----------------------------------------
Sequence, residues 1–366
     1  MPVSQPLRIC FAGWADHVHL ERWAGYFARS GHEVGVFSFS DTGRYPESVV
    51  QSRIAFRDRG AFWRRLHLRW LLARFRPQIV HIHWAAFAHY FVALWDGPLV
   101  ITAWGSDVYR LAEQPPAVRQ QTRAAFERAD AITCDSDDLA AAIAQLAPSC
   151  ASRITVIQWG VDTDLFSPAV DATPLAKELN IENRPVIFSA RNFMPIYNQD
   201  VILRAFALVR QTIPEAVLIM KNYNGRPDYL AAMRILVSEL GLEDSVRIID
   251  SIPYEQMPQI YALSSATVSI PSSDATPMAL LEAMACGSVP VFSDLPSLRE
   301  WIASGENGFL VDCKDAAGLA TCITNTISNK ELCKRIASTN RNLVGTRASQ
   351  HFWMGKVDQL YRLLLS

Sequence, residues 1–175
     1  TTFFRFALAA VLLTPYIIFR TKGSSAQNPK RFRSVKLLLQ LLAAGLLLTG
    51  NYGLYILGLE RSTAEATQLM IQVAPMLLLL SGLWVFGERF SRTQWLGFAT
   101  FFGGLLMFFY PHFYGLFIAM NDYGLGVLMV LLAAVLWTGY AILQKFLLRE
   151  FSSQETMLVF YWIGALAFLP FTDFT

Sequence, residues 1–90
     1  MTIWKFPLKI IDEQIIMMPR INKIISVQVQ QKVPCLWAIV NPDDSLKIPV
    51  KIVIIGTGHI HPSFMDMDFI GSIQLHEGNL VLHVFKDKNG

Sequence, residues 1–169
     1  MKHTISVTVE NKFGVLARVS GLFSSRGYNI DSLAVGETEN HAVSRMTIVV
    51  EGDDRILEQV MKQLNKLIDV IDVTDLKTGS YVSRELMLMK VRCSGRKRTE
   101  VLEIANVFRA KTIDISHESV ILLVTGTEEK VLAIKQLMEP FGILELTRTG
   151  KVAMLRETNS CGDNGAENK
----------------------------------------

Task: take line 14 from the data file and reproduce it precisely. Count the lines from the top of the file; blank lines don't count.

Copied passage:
   151  FSSQETMLVF YWIGALAFLP FTDFT